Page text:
Panelists talk COVID-19, mental health, surveillance testing and the new normal
By Gabrielle Gasser EBS STAFF
BIG SKY – The U.S. is breaking records as COVID-19 cases steadily rise and the holiday season looms around the corner.
On Monday Nov. 3, Explore Big Sky hosted a Town Hall featuring four panelists: Daniel Bierschwale, executive director of the Big Sky Resort Area District; Laura Sebulsky, director of admissions and clinical outreach with Charlie Health; Gary Rieschel, founding managing partner at Qiming Venture Partners; and Dr. Eric Lowe, emergency department physician for Bozeman Health and part of its COVID-19 Response Team. The 16th session of the town hall was once again virtual and moderated by EBS Publisher Eric Ladd and EBS Editor-in-Chief Joe O’Connor.
Lowe expressed concerns about the healthcare system he described as, “running a marathon for nine months … Now it’s getting bad nine or 10 months in and there is not an end in sight.”
The current spike in COVID-19 cases trumps the spikes from earlier in the year and, according to Lowe said Bozeman Health is dealing with its highest caseload to date. He added that Gallatin County has been consistently setting records with large amounts of community spread, and that the current strain on healthcare resources is only increasing with the steady climb in hospitalizations.
Asked to debunk any popular myths surrounding the coronavirus pandemic, Lowe warned everyone to be wary of the statement: “‘I don’t have COVID, I just have a cold.’ Watch out for that, there is no way to tell and be certain,” he said, adding that the amount of available information is in flux and everyone should be open to new data and listen to the experts. But he also expressed optimism for vaccines that have been tested and are expected to become available in the coming months.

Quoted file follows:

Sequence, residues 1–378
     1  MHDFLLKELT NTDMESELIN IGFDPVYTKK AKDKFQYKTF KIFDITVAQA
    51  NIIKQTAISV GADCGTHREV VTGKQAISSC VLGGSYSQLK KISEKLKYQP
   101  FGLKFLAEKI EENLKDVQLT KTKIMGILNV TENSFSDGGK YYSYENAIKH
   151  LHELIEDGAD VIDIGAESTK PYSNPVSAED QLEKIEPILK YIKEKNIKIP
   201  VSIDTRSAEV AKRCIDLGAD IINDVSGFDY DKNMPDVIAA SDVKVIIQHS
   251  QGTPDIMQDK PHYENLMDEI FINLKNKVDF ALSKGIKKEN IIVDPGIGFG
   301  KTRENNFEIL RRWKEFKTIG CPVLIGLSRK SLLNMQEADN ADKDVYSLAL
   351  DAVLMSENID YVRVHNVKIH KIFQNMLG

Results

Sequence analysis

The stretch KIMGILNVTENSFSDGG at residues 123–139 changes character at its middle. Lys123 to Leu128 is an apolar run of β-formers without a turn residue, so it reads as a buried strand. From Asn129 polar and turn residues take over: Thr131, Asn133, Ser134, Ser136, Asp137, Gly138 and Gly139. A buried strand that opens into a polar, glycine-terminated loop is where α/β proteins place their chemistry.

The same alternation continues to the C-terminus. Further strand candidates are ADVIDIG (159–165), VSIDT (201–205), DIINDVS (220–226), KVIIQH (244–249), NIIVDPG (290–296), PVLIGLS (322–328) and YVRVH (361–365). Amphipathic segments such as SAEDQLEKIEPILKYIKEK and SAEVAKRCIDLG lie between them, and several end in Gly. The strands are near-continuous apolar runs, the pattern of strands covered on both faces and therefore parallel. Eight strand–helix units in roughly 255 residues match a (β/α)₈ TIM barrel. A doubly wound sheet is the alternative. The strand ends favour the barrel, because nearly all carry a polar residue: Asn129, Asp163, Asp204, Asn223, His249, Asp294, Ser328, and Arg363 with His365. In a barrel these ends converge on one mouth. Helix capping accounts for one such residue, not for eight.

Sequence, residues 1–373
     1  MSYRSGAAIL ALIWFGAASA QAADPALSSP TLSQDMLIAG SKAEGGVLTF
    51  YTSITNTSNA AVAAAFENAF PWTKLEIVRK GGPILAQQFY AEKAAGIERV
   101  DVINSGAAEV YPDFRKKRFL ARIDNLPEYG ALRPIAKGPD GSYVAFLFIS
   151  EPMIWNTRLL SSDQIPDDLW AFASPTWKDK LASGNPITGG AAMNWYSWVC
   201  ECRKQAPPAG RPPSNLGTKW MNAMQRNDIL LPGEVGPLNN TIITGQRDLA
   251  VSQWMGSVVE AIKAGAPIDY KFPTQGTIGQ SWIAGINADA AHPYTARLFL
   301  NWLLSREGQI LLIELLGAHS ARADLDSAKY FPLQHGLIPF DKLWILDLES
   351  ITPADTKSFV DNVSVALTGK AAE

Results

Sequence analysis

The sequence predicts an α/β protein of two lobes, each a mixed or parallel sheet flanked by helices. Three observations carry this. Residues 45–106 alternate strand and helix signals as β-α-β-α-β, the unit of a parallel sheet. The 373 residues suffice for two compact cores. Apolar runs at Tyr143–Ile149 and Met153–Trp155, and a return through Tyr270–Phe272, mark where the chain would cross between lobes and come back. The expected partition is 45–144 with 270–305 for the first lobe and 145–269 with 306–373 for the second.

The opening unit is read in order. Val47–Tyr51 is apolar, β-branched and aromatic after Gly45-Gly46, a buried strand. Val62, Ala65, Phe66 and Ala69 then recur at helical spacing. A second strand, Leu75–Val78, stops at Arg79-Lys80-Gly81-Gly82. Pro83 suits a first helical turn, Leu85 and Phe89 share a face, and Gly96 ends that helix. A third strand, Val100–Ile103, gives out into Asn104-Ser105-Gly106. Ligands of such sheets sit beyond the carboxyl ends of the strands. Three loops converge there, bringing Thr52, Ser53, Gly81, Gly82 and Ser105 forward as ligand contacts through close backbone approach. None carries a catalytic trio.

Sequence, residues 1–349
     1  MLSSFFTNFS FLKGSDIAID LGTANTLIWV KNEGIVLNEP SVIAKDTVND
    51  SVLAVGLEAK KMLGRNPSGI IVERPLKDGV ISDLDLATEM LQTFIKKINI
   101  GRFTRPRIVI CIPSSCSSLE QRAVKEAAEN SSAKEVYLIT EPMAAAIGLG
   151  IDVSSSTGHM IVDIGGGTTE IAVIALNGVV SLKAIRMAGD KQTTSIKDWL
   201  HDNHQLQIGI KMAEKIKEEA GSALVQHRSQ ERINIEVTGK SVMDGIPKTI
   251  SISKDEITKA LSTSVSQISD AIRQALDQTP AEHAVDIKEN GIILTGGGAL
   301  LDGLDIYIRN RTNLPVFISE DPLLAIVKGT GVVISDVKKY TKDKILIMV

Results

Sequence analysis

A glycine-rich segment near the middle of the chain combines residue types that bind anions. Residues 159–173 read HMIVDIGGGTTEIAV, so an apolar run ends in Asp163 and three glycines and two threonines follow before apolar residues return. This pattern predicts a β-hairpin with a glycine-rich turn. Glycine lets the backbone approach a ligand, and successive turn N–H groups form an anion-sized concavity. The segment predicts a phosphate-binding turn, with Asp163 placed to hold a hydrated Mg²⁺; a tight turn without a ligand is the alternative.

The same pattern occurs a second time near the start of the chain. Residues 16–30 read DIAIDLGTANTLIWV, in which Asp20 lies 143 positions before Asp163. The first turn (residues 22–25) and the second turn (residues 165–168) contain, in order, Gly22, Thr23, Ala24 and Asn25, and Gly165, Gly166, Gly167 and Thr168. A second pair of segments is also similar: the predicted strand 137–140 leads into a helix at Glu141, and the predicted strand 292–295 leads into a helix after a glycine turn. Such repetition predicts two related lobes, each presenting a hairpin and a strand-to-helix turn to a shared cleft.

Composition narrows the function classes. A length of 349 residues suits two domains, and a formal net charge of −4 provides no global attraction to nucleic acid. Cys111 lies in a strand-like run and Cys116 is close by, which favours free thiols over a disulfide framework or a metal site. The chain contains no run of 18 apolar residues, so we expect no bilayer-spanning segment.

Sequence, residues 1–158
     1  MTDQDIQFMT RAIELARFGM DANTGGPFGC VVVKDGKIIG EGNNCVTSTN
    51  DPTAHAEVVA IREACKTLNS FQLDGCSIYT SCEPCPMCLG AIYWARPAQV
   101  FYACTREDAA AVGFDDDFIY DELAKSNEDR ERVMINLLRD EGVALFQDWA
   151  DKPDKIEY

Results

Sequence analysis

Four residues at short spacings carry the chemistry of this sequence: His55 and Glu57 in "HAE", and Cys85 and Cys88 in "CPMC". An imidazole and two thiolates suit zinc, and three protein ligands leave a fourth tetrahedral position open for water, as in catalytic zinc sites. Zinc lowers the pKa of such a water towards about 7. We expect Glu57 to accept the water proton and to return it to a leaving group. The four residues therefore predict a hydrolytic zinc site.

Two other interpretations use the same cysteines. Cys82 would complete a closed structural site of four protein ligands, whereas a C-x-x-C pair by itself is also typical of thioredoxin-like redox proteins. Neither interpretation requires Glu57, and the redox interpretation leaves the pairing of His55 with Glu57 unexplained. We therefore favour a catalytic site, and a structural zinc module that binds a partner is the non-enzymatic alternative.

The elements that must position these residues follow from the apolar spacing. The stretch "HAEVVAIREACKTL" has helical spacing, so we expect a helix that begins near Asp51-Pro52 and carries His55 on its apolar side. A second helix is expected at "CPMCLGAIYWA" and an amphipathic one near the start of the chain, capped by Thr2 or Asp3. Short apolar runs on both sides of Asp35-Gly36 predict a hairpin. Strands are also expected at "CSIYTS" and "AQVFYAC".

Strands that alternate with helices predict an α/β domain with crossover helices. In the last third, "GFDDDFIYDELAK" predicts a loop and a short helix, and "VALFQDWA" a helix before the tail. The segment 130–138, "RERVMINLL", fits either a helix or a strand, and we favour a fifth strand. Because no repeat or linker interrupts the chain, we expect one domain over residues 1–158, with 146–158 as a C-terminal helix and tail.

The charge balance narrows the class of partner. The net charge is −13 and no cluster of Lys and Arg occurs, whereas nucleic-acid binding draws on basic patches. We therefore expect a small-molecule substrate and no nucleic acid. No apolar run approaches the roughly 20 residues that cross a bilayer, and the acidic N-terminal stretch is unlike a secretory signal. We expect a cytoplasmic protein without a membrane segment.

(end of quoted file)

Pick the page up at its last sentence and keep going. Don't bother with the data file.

“I worked a shift and came out of the shift and it felt like there were two new vaccines that had been approved with great numbers and all this news to catch up on,” he said.
Rieschel brought his business knowledge and prowess to the table to discuss COVID-19’s effects on the real estate market and small businesses. He expressed surprise that there are already three vaccines reporting 90-plus percent efficacy saying that by springtime, “you could have hundreds of millions of people who received the vaccine.”
In this unique situation, Rieschel pointed out how well governments and pharmaceutical companies have worked together, even fast-tracking regulations to do so. But he also pointed to the issues that have been revealed by COVID-19 in various systems such as education and the new telehealth industry.
He also noted substantial changes in the real estate market with massive property appreciation and a mass exodus of people from cities to rural areas like Montana. While some view the influx of residents as a negative, Rieschel offered a positive spin. “The good news is, because people came here in the midst of the pandemic… I think they have an appreciation that they want it to stay safe,” he said. “People appreciate where they are going and want it to be a safe place for them to stay … and I think you will see the behavior reflect that.”
In addition to the impacts of COVID-19 on healthcare resources and systems, the pandemic’s toll on the collective mental health of Montanans was addressed by Sebulsky.
Sebulsky works for Charlie Health, an organization offering video-based outpatient therapy and behavioral health services for teens, young adults and families. According to Sebulsky, in the large rural population of Montana, 93 percent of those don’t have access to behavioral healthcare.
She emphasized how the collective trauma of COVID-19 has exacerbated issues in young adults and seniors and that Charlie Health’s mission is to ensure that healthcare is in the hands of all Montanans.